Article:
Director: Jacques Audiard
Starring: Joaquin Phoenix, John C. Reilly, Jake Gyllenhaal, Riz Ahmed
With films like The Revenant and others that take place in the modern day such as Hell or High Water or No Country for Old Men, the more realistic “anti-western” is certainly growing in popularity, possibly because the well for the more traditional-style westerns has run dry (until of course Quentin Tarantino comes up with new ideas), or possibly because realism is a route more so travelled in modern American cinema. I generally support this notion, but that doesn’t quite mean that all of them reach their full potential. French filmmaker Jacques Audiard’s new film The Sisters Brothers is certainly a decent film on all visual and performance fronts, but aspects of its script do leave something to be desired.
The title characters are Eli and Charlie Sisters, played expectantly wonderfully by Joaquin Phoenix and John C. Reilly, and the two are hitmen mercenaries at the whim of a barely-seen man known as the Commodore, played as basically a cameo role from Rutger Hauer. The Commodore is the true symbol of pure evil in this story, so it was wise to make him more of a shadowy presence lurking over the Sisters instead of an actual character. The Commodore wants the Sisters to track down a man indebted to him named Hermann Kermit Warm, played by Riz Ahmed, who is also being tracked by another man in the Commodore’s employ named John Morris, played by Jake Gyllenhaal. So the brothers embark on this journey, paralleling with that of Morris and Warm’s, with all their personalities and histories unraveling along the way. Warm and Morris form an unlikely bond over the prospects of collecting gold, and the brothers digress into themes of intimacy, alcoholism, and an abusive past. There are only so many gunfights, to the point that the Western genre here more so refers to the setting than that of the tropes. Nobody expected Audiard to make a Sergio Leone copycat film, and instead we have something much more humane.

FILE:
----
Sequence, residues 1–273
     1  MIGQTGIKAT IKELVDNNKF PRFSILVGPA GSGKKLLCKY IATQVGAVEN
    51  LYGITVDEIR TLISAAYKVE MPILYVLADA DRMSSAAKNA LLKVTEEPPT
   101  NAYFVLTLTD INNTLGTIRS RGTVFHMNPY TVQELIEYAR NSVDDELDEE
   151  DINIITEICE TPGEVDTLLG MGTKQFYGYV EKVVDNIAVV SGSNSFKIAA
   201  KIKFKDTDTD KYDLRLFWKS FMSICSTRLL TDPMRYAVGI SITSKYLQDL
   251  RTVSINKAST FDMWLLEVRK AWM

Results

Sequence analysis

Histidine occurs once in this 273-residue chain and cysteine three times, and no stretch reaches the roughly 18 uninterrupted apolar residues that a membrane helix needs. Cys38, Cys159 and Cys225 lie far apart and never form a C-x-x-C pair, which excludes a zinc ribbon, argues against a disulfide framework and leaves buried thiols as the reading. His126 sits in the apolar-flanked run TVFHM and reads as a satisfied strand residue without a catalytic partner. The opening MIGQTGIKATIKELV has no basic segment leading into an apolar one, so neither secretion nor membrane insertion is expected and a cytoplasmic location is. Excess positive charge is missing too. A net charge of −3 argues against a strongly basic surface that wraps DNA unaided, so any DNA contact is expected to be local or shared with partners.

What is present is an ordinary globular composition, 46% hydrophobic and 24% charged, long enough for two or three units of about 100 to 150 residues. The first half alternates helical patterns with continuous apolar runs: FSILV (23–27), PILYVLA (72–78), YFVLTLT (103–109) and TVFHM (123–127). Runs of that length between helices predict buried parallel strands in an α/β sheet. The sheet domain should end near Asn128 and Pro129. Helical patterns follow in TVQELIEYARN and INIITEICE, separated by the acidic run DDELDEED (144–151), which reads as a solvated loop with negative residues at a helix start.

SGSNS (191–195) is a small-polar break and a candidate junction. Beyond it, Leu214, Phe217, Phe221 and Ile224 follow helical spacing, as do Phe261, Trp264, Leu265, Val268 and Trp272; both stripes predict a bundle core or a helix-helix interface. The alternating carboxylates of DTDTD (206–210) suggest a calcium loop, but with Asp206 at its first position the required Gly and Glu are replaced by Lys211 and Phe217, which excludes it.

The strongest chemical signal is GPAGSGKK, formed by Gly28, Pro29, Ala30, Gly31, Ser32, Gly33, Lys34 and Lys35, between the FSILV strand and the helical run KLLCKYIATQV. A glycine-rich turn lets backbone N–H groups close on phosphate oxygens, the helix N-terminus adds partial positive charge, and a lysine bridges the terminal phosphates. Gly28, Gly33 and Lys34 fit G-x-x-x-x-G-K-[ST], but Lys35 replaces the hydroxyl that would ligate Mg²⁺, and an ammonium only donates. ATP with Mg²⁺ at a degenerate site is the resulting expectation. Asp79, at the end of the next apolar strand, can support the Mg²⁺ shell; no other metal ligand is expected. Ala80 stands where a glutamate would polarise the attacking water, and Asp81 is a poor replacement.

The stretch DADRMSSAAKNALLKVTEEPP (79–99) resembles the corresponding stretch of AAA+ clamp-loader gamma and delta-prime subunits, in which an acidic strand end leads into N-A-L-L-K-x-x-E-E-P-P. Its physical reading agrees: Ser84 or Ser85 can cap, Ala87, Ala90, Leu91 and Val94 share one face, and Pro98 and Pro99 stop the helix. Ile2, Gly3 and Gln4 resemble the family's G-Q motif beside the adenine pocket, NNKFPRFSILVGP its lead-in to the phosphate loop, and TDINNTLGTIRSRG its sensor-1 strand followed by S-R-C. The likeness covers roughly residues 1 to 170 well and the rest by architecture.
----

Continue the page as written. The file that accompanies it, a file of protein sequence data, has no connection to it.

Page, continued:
As one would expect from this lineup, the acting in The Sisters Brothers is convincing and very genuine. Gyllenhaal shows a certain range the likes of which I was yet to see from him. He has a bizarre and everchanging relationship with that of Riz Ahmed’s character, a duo with chemistry I hadn’t seen since Nightcrawler, a chemistry I didn’t expect to see ever again. There isn’t a single character of the four that doesn’t fall ill to some capacity in the film, whether its to melancholy, an infection, or an amputation, and nothing about any of these depictions were anything short of mesmerizing to view. John C. Reilly should take up more roles like this and The Lobster; despite oftentimes being portrayed as a bumbling dope (Stepbrothers), he has genuine charisma as a character actor. Phoenix, to me, is a man who needs no introduction and consistently disappears into roles, partially due to his consistent decisions in picking the right scripts. This is one of the best-looking Westerns of the modern day. Cinematographer Benoit Debie always breathes life into the scenery and landscapes of his films, similar to what he did to cityscapes in Gaspar Noe films.
Despite this film having wonderful characters and a story to tell, its structure on a page-by-page basis does leave room for improvement. Within the first half-hour of the film, I actually found myself a bit disengaged with the film and felt it needed more character digressions to better humanize the title characters. It earns the investment along the way, but if the first third of the movie were its own beast, I wouldn’t consider it to be a memorable experience. And although the performances sell these characters to the audiences, I don’t always feel the dialogue does its part in doing so, which could be the damning effects of this being Audiard and co-screenwriter Thomas Bidegan’s first English language film, not all the concepts and ideas translating perfectly to dialog. Ironically, I also found the film to drag on a bit in the final act, and found its ending to take an all-too-convenient route. I can see its justification based on other portions of the brothers’ dialogue in preceding scenes, but it felt much too simple considering all the characters went through.